Chris Peachment

Here (and above) is the trailer.

Friday, 8 July 2016

Capital Celluloid 2016 - Day 212: Sun Jul 31

sex, lies and videotape (Soderbergh, 1989): Prince Charles Cinema, 8.45pm


This 35mm screening is part of the 'Check The Gate' season at the Prince Charles, dedicated to presenting films on film that will run at the cinema from 9th July to August 20th. Prince Charles members can buy tickets for just £1.

Time Out review:
Ann (MacDowell) is not happy: her husband John (Gallagher) is a lawyer who, unbeknownst to her, is having an affair with her virtually estranged sister (San Giacomo). The deception only comes to light with the arrival of John's old friend Graham (Spader), a shy, impotent eccentric who gets his kicks from watching interviews he has taped with women about their sexual experiences... Soderbergh's first feature is impressively mature, less concerned with actions per se than with the gulf between deed and motivation, between what we feel and what we say we feel. Despite the title, there is almost no explicit nudity or sexual activity; by avoiding sensationalism, Soderbergh leaves himself free to focus unblinkingly on moral and psychological complexities. No character is entirely without dishonesty or hang-ups; all initially shrink from taking full responsibility for their actions. The actors are superb; working from Soderbergh's funny, perceptive, immaculately wrought dialogue, they ensure that the film stimulates both intellectually and emotionally.
Geoff Andrew

Here (and above) is the trailer.

Capital Celluloid 2016 - Day 212: Sun Jul 31

sex, lies and videotape (Soderbergh, 1989): Prince Charles Cinema, 8.45pm


This 35mm screening is part of the 'Check The Gate' season at the Prince Charles, dedicated to presenting films on film that will run at the cinema from 9th July to August 20th. Prince Charles members can buy tickets for just £1.

Time Out review:
Ann (MacDowell) is not happy: her husband John (Gallagher) is a lawyer who, unbeknownst to her, is having an affair with her virtually estranged sister (San Giacomo). The deception only comes to light with the arrival of John's old friend Graham (Spader), a shy, impotent eccentric who gets his kicks from watching interviews he has taped with women about their sexual experiences... Soderbergh's first feature is impressively mature, less concerned with actions per se than with the gulf between deed and motivation, between what we feel and what we say we feel. Despite the title, there is almost no explicit nudity or sexual activity; by avoiding sensationalism, Soderbergh leaves himself free to focus unblinkingly on moral and psychological complexities. No character is entirely without dishonesty or hang-ups; all initially shrink from taking full responsibility for their actions. The actors are superb; working from Soderbergh's funny, perceptive, immaculately wrought dialogue, they ensure that the film stimulates both intellectually and emotionally.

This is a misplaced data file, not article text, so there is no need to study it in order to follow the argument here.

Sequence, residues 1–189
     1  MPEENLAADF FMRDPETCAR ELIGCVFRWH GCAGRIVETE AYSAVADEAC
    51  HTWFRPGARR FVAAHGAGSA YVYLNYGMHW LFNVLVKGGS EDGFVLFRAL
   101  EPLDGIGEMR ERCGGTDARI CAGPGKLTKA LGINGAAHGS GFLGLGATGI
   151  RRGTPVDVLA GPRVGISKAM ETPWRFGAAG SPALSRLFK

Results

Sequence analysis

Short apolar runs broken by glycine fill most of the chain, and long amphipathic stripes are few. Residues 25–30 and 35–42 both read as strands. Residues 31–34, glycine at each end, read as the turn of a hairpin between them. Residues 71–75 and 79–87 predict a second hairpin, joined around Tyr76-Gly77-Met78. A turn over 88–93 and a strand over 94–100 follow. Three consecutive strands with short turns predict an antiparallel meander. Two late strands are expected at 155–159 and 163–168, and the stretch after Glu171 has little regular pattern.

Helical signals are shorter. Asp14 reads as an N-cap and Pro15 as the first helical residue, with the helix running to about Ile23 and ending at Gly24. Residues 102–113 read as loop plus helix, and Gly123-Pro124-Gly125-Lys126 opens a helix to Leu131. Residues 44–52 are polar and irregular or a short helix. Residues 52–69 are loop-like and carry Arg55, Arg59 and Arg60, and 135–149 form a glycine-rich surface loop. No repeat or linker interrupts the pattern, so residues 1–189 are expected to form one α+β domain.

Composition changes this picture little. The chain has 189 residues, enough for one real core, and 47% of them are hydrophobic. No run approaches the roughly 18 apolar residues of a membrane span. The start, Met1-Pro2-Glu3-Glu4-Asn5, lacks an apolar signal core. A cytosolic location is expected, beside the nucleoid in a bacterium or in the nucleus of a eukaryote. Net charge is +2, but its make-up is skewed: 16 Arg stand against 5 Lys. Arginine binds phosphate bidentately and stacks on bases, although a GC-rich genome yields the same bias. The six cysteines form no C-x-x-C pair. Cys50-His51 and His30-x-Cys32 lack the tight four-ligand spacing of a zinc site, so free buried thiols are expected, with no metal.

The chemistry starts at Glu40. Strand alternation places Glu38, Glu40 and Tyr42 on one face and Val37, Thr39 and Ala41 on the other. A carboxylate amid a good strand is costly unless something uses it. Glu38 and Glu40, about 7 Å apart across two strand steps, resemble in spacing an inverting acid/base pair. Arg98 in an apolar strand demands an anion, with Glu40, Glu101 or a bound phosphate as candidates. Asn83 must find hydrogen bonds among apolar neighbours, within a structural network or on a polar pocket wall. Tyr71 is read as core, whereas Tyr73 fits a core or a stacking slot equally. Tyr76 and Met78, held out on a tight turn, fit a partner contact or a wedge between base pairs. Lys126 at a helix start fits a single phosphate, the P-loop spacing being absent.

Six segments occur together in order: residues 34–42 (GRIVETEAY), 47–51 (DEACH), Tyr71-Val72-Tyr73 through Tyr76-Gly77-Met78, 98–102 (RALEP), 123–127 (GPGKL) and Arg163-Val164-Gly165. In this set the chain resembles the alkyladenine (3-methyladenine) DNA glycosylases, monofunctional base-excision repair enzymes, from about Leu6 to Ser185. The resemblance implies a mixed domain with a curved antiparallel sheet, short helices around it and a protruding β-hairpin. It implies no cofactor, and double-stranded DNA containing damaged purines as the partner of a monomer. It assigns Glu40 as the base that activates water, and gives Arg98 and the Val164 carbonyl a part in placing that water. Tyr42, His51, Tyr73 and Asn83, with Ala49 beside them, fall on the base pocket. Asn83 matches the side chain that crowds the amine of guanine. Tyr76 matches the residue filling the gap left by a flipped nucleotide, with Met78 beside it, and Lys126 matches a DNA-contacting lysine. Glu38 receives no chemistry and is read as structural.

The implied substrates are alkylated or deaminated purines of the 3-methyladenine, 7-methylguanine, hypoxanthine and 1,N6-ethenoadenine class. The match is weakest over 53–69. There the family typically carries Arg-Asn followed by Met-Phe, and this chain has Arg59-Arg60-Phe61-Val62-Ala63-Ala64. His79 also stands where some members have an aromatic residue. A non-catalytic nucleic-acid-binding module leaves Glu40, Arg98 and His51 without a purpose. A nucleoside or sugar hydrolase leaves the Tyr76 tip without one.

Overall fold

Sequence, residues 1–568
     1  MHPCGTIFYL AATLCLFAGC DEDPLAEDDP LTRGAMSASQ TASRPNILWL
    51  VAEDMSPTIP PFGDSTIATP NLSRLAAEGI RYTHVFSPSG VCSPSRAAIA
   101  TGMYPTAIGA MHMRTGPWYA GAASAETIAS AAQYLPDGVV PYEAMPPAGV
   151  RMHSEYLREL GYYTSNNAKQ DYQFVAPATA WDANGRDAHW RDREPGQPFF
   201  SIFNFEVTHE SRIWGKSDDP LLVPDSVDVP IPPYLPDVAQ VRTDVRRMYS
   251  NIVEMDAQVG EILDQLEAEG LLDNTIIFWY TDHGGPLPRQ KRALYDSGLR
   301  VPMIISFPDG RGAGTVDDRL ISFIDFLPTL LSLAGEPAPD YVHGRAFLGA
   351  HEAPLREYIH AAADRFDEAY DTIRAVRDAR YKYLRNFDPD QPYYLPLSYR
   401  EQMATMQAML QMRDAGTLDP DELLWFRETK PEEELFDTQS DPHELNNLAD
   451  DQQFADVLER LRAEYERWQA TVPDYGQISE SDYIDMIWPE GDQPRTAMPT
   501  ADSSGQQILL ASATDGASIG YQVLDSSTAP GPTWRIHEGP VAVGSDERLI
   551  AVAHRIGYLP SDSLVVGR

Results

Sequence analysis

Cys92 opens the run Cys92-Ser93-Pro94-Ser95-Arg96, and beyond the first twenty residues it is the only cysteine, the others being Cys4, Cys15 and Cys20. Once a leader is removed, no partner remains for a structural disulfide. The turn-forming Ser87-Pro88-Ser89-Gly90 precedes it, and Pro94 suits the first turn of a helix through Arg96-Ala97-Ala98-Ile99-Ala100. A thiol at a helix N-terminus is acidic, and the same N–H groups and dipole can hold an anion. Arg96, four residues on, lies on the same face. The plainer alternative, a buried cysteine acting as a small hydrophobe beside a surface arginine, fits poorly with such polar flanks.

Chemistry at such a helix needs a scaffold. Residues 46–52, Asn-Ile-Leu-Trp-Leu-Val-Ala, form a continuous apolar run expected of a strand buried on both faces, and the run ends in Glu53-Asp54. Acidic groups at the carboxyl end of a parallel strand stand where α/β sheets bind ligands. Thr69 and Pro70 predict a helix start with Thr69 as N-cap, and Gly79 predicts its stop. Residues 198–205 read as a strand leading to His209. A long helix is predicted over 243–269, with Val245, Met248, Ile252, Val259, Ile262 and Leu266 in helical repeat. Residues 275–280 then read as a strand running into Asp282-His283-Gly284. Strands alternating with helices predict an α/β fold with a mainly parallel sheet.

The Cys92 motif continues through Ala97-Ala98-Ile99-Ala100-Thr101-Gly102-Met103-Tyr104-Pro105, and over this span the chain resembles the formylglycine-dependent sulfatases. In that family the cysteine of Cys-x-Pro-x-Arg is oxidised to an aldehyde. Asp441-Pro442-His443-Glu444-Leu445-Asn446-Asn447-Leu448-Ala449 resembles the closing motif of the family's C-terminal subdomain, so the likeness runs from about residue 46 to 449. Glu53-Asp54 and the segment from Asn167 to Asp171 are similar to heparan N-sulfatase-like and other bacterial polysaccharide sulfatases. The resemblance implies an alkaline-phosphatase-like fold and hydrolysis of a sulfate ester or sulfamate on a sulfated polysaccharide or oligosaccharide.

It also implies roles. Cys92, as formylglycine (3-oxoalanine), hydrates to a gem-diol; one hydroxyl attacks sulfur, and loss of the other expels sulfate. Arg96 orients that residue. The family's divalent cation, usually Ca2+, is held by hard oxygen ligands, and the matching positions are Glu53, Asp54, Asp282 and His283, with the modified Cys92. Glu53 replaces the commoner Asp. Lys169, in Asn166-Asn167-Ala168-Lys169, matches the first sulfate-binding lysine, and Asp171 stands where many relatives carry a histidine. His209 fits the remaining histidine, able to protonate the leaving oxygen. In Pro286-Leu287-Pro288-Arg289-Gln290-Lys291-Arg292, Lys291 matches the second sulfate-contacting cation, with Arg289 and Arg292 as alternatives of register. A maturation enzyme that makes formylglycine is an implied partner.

Geoff Andrew

Here (and above) is the trailer.

Capital Celluloid 2016 - Day 211: Sat Jul 30

Under the Cherry Moon (Prince, 1986): Prince Charles Cinema 6.20pm


This 35mm screening is part of the 'Check The Gate' season at the Prince Charles, dedicated to presenting films on film that will run at the cinema from 9th July to August 20th.

Chicago Reader review:
Prince directed himself in this 1986 drama, in which he plays a Cote d'Azur gigolo romancing an inaccessibly rich French lass. The Marienbad pretension hangs thick and heavy over everything—Michael Ballhaus's glossy black-and-white cinematography, the would-be elegance, the relentless dissociation of image and meaning (though for Prince, dissociation and linearity are the same thing: every impossible scene invites a literal reading). But why pick the wings off flies? Prince's narcissism is easier to take than than that of his contemporaries Sylvester Stallone or Rob Lowe: he doesn't regard the rest of the world as an insult to his estimable self. With Kristin Scott-Thomas.
Pat Thomas

Here (and above) is the trailer.